Supporting Care Teams Through Omicron with Steth IO

With 75.3M cases of COVID-19 as of February 1st, providers across the country are facing added difficulties in space, staffing, and triage as they struggle to adapt to the surges in infection caused by the Omicron variant.

Implementing solutions that address these challenges is not only important to ensuring continuity of patient care, but to reducing long-term care team burnout.

The difficulties faced as a result of Omicron

Since the start of the pandemic in February of 2020, 18 percent of healthcare workers have quit their jobs—and an additional 12 percent have been laid off—due to the stress of the pandemic, burnout, and insufficient pay.

With an already limited workforce, and rising numbers of healthcare workers becoming infected with the highly-contagious Omicron variant, many medical assistants and nurses today are being split between three or more providers. Not only does this increase risk of burnout, but it creates additional rooming shortages for taking needed patient vitals and work-ups prior to provider evaluations. 

Telehealth can help alleviate these challenges—solving for space and staffing shortages and helping providers and health plans successfully navigate and counter surges in infection rates.

Adjusting to infection peaks with telemedicine

Telemedicine supports providers and patients during influxes in infections, like the Omicron variant, by bringing the care directly to a patient—reducing need for both clinical space and staff. For example, by facilitating at-home visits, clinics decrease the risk of infection from overcrowded waiting rooms and reduce the need for reception staff at the front desk.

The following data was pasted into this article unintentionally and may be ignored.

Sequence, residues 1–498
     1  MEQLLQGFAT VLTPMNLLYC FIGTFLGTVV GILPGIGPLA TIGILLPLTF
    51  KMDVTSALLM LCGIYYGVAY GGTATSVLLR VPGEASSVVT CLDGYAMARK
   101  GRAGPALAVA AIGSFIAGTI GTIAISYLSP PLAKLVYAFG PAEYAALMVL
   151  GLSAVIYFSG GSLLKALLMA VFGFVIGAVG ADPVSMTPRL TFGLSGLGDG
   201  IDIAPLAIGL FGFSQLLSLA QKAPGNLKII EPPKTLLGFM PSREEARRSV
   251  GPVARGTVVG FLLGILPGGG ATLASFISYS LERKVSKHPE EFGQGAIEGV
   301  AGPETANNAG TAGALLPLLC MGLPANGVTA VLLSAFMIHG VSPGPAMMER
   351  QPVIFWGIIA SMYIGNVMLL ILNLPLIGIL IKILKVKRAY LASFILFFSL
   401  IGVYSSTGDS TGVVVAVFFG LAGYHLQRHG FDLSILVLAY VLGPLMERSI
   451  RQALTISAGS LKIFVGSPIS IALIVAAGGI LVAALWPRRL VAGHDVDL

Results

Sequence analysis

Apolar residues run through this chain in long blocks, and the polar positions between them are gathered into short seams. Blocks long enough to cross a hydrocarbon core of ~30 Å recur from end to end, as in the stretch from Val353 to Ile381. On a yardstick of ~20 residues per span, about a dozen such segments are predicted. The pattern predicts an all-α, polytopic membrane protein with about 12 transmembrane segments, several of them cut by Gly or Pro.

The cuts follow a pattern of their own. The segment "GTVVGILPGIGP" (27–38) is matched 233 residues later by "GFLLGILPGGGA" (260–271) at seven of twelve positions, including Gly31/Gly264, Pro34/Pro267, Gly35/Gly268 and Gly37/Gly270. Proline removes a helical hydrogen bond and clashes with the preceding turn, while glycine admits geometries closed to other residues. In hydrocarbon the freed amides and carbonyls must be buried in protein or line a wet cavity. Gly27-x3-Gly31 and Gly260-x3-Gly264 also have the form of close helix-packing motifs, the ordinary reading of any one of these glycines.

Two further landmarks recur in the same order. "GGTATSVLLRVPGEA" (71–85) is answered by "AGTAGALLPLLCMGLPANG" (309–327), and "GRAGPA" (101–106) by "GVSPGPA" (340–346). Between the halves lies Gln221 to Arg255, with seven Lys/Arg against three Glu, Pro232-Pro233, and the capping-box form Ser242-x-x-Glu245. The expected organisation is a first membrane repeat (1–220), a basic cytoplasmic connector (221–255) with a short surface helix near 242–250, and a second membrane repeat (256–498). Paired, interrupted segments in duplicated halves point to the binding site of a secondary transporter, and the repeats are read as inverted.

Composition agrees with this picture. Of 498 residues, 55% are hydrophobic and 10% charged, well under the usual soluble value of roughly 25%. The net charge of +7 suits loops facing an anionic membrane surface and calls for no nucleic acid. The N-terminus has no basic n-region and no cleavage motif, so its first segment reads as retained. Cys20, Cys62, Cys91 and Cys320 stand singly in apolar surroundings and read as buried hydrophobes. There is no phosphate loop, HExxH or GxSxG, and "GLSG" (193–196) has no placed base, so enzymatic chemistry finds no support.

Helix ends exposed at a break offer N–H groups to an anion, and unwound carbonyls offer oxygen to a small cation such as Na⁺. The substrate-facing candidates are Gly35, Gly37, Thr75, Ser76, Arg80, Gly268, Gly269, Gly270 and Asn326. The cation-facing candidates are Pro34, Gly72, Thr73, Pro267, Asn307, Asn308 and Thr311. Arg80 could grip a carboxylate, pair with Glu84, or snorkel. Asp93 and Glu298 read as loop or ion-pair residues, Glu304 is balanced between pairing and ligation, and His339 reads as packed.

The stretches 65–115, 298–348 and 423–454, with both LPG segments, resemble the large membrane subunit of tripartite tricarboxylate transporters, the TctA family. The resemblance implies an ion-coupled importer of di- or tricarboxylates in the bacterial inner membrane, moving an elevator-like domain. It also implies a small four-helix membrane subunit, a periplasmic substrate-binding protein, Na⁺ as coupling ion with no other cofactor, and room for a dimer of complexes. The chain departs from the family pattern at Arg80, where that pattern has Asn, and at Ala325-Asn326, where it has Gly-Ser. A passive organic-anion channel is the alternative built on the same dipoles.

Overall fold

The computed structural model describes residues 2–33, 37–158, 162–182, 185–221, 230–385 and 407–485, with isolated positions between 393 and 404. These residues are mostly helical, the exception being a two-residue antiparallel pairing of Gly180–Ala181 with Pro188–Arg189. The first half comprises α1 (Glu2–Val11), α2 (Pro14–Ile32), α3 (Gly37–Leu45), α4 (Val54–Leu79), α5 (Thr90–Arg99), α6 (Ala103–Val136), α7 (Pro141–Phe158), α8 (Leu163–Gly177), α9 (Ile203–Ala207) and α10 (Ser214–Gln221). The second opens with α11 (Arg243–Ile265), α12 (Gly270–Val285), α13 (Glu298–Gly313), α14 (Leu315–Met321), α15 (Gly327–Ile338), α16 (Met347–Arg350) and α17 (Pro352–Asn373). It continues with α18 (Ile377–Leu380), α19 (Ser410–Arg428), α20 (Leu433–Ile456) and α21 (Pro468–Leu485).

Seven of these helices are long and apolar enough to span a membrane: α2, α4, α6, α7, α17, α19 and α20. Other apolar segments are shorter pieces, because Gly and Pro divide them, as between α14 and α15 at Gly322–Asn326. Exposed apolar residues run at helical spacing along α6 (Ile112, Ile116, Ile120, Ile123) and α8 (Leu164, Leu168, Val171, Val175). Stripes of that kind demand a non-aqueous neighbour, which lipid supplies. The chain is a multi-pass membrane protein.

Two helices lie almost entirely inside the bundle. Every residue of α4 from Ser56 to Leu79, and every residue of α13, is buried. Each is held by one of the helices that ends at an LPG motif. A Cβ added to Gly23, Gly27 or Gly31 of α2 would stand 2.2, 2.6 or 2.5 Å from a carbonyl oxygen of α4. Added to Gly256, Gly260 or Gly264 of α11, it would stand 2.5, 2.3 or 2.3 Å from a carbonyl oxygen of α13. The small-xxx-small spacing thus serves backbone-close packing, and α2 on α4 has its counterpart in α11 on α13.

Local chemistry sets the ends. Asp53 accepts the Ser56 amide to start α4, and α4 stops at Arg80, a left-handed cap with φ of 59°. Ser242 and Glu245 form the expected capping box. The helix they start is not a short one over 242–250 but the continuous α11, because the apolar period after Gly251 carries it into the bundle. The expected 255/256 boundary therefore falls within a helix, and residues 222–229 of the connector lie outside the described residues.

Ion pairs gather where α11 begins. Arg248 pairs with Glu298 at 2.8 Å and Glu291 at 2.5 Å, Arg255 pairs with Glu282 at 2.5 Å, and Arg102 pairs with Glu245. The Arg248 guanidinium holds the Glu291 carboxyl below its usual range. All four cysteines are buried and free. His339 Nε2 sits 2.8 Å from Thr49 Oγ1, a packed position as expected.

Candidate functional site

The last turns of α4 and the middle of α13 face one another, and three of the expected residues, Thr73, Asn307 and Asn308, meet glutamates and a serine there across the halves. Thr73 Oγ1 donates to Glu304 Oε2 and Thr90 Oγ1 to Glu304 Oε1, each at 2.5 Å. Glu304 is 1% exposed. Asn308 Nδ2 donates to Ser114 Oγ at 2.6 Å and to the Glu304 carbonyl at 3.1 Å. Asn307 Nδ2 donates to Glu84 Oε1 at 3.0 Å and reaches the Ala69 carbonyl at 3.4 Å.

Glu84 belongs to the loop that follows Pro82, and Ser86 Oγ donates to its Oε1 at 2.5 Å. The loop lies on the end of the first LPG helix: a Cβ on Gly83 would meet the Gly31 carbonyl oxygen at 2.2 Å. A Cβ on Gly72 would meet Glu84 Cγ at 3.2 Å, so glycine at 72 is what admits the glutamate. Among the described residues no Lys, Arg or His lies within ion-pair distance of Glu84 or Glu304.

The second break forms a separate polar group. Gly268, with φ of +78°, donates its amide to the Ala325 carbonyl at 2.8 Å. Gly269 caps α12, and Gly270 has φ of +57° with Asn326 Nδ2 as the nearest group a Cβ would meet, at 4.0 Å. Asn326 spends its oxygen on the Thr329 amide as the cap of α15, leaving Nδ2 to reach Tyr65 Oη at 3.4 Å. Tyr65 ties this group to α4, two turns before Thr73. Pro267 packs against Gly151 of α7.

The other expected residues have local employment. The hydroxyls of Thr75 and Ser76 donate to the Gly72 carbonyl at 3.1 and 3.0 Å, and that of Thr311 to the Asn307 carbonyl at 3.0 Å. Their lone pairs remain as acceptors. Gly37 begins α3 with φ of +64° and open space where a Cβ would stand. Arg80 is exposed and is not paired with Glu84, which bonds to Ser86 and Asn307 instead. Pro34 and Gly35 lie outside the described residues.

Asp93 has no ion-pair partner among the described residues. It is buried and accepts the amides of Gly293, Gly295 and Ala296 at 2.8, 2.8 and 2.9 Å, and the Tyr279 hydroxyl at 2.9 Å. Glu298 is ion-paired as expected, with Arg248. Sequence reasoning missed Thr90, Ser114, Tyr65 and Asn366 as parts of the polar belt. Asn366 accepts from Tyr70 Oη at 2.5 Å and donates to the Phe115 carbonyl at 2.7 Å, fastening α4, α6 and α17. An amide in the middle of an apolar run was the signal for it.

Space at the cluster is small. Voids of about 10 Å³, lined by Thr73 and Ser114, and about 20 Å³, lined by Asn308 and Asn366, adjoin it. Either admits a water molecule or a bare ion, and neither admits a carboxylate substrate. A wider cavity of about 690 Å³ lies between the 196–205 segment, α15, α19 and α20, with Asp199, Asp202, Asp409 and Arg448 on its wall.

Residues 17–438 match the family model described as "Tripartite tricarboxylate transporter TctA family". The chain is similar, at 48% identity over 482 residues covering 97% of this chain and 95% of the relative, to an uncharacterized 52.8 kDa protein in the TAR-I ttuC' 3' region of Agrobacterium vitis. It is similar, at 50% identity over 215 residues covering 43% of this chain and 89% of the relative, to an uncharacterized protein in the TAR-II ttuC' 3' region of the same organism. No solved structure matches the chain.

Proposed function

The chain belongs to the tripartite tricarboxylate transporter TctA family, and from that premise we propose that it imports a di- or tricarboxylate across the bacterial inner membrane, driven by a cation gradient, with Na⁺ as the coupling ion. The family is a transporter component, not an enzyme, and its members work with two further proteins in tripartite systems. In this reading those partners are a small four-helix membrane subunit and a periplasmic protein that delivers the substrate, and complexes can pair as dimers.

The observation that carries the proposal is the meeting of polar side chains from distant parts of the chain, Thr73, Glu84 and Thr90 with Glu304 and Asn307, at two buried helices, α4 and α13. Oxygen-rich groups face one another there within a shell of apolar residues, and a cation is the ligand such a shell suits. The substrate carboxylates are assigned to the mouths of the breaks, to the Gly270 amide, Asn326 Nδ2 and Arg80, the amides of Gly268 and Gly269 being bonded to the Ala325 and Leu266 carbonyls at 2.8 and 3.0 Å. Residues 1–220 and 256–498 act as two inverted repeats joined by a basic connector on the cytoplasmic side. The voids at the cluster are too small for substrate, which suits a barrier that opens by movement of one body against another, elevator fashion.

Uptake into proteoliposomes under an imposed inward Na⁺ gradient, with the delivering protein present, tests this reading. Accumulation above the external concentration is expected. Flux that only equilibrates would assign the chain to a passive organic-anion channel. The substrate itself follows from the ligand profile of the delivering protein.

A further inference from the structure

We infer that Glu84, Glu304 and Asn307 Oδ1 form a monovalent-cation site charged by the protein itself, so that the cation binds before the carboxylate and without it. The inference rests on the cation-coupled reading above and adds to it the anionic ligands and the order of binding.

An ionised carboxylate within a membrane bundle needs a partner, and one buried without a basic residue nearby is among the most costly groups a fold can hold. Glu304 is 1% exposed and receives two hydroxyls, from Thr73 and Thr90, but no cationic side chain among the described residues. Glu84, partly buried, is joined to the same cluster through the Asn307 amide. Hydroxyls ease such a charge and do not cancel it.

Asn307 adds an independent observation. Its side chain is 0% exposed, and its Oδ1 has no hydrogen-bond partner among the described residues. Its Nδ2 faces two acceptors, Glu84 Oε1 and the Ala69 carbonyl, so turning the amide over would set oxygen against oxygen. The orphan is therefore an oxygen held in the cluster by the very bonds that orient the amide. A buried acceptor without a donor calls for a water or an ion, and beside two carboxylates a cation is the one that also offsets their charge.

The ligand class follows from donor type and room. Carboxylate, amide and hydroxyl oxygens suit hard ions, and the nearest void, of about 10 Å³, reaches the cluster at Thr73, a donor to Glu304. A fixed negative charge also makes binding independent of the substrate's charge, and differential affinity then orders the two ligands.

Unfortunately, where traditional telemedicine solutions fall short is in being able to deliver clinically meaningful visits. Without the ability to take key vitals remotely, the quality of care providers are able to deliver is limited. Additionally, many of these platforms require significant cost and IT lift, causing additional administrative burden on already overwhelmed staff.

Steth IO supports providers in overcoming both the challenges brought upon by Omicron and the shortcomings of traditional telemedicine platforms through Telaspot: an intuitive platform offering remote vital monitoring.

Addressing the surges in Omicron with Steth IO

The Steth IO Telaspot delivers unique, innovative technology that facilitates remote patient examinations—not just remote visits.

With a stethoscope “Spot” device designed to work with existing patient smartphones, the Telaspot platform allows for remote examination of breathing, heart rate, and other vitals key to accurately diagnosing and triaging cases. By mimicking in-person clinical workflows, care teams are able to deliver meaningful remote care without having to relearn processes during stressful staff shortages. Furthermore, the platform can be implemented easily, requiring minimal IT lift, for seamless integration into both systems and workflow.

Such technology is especially useful for implementing hospital at home programs—allowing healthcare providers to both see and evaluate patients meaningfully during times of maximum capacity. With Omicron leaving more than half of states at or beyond 80% ICU capacity, solutions like Steth IO prove critical to reducing burdens on the acute healthcare system and addressing shortages of staff and space—all without sacrificing effective triaging.

A win for all

Ultimately, when we’re able to implement the right solutions, it’s a win for all involved.

With solutions like Steth IO, providers and care teams can benefit from reduced burden during times of pandemic and solve key challenges of space and rooming. Health plans benefit as members are able to receive appropriate triaging from symptom onset—reducing unnecessary high-cost utilization and facility crowding. Finally, patients win as they’re able to receive care at home—eliminating risk of exposure during travel to appointments or while waiting in overcrowded clinics or emergency departments—without compromising their quality of care.